Before long, Mama Dip’s granddaughter tried her hand at making cookies, restocking the bakery cases when they were empty.
Her cookies sold, and her ambition grew.
“I decided I want to try to make a cookie that tastes like [my grandmother’s] pecan pie because that’s my favorite dessert of all time,” Council says. “Once I perfected it, she said, ‘Put it in the display case and let’s see how they sell.’” They sold out every day.
Council named the cookies Pecan Crisps and, today, the treats she perfected as a kid still hit the sweet spot. They are a bestseller, along with cranberry white chocolate, oatmeal raisin and other flavors. Tonya’s Cookies was featured on Oprah’s Favorite Things in 2021, boosting sales and exposure for the brand. “It was insane,” Council says. “I was probably walking out of my kitchen at 2 or 3 a.m. most early mornings, then turning back around to start back at 6:00 in the morning. I wasn’t getting much sleep.”
Council still likes to tinker with cookie flavors. “To be able to experiment and come up with something people like, that’s what my drive is,” Council says. “I played around a little and came up with a cookie that tastes like peanut brittle. That one was an accident, but most things are when you’re trying to come up with things in the kitchen.”
Mrs. Ruth’s Jams
Ruth Taylor works her jam business every day, whether she’s cooking, labeling or shipping her goods. And to this day, she’s still a bit surprised by it all. “I never, ever intended to do this,” she says emphatically. “I spent 30 years in corporate.”
It sounds like the makings of a Hallmark movie plot, but it comes with a tug at the heartstrings. “I got into making jam for my late husband,’ says Taylor, whose business is located in Apex. “He loved strawberry jam. His aunt would give him a few jars every summer, and we would run out. So I started making jam for him.”
Nevertheless, she was determined to master the craft. She and her husband frequently vacationed in Maine, where she befriended an innkeeper who made his own sweet spreads. “I would call him and say, ‘I’m stuck,’” she says. “And he literally taught me how to make jam over the phone.”
Even though she was never a big jam eater herself, she did enjoy good bread. And on her visits to La Farm Bakery, she did not live by bread alone. “So I would take my little Tupperware cup in my purse,” Taylor says.
“I finally told them what I was doing. They said, ‘If your jam is that good, bring us some.” So now I’m selling there 13 years later.”
Taylor also realized her creations had a restorative effect. After years of product management and writing software at IBM, she found a reason to step up her game. “Working in corporate, you never knew if you made someone happy, but you knew if you made them mad in a nanosecond,” she says. “But if you sell somebody jam, they’re going to smile and they’re happy. Kind of as a balance to the corporate world, I started making jam.”
After focusing on wholesale for years, Taylor found herself with plenty of time and inventory during the pandemic. That’s when her e-commerce site gained traction. While Mrs. Ruth’s Jams sell especially well in North Carolina, her products are now finding folks across the country. “I just shipped to Fairbanks, Alaska,” she says. “How they found us, I don’t know.”
Mrs. Ruth’s—a nod to the way her Sunday school students used to address her—offers variations on berry flavors, but also offers pepper, fig and mint jams. Her Belgian chocolate strawberry jam won a 2020 Good Food Award.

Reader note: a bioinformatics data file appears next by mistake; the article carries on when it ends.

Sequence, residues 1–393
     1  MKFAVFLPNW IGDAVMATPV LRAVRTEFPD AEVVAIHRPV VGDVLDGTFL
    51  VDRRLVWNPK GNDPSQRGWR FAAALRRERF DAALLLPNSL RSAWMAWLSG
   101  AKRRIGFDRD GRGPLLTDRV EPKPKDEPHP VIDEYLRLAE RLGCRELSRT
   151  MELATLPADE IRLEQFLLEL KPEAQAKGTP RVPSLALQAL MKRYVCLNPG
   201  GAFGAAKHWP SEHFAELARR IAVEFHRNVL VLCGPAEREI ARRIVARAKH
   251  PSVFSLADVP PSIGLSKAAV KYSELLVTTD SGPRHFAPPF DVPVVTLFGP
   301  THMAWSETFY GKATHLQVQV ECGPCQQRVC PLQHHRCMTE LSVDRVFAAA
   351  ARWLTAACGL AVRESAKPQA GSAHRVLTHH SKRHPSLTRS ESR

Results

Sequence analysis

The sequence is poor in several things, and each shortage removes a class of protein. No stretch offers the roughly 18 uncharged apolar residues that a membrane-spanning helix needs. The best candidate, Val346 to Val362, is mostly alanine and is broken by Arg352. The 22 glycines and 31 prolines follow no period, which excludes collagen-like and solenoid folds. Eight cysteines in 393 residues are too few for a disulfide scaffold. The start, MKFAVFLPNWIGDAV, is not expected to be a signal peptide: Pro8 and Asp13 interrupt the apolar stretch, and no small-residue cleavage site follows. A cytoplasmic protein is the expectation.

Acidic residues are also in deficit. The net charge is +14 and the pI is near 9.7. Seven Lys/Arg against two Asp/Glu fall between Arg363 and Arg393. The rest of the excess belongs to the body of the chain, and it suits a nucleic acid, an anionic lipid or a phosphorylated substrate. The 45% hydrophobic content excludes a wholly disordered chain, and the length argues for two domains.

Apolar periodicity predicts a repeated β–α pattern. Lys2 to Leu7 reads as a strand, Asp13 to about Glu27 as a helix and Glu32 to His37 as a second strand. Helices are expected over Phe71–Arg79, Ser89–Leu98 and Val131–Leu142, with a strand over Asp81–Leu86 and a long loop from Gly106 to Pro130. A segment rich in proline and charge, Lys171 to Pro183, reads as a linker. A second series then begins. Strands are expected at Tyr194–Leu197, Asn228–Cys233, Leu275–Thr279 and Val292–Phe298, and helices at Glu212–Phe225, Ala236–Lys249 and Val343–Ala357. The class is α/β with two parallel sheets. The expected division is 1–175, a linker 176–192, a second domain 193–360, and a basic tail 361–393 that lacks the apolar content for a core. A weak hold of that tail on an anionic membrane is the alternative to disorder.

“I’m very curious,” she says. “I’ll take the base flavor—let’s say strawberry—and I will scoop out a little bit in a bowl and add some flavoring to it. I tinker with it until I like the flavor.”
When it comes to topping your foods, Taylor suggests thinking beyond the biscuit. The flavors make a good mix-in for yogurt or oatmeal, and they also work well as a rub for chicken.
So, which flavor does Mrs. Ruth like the best? Her eyes grow wide and she smiles. “Well, that’s like asking somebody who their favorite kid is, isn’t it?”
Big League Waffles + Scoops
Ramy Bahgat thought it was a bad sign when his lone dessert competitor in Raleigh’s Morgan Street Food Hall closed down after the pandemic. His Raleigh Rolls ice cream was a hit, but he pushed management to find another tenant that would give sweets lovers a reason to visit the hall.
When they found no immediate takers, Bahgat took the space and came up with a concept of his own: Liege waffles. He figured they would make a nice warm, wintertime option. “They are very different from Belgian waffles,” Bahgat says. “They are not made out of batter, they are made out of yeasted dough. They’re infused with pearled sugar that makes them nice and crunchy on the top but very moist on the inside. It’s more like a sweet brioche than regular waffles.”
It took a while to create the right recipe, but when he did, he had a receptive audience. On Valentine’s Day in 2021 he made the waffles, paired them with ice cream and passed out samples to Raleigh Rolls customers. “Everyone I tested it on said it was perfect,” he says. “I probably sampled it on 100 to 150 people.”
The only trick was the preparation. “From the start of making the dough to actually serving, it takes two-and-a-half to three hours,” Bahgat says. “It takes time to pamper the dough to make sure it’s perfect. Then we add the pearl sugar as people order it, and cook it right away. That’s how you get that nice crunch and pieces of sugar that haven’t melted all the way yet.”
While the waffles are a tasty treat on their own, patrons can pair them with ice cream, fruits and drizzles. Any way you like them, the owner says, will be a hit. “I personally love them the way they are without any drizzle on them,” Bahgat says. “Just a little powdered sugar and that’s it.”
Falling for Candied Apples
There’s no better fall confection than a juicy apple dipped in a delicious, colorful candy coating. Kandy Apples by K, located on Capital Boulevard in Raleigh, wraps tangy apples in 30 different flavors and more colors than you could ever imagine. Choose from options like carnival, pomegranate, watermelon, Jolly Rancher, cotton candy, white chocolate, candy grapes, Butterfinger and more. Perfect for your next fall event!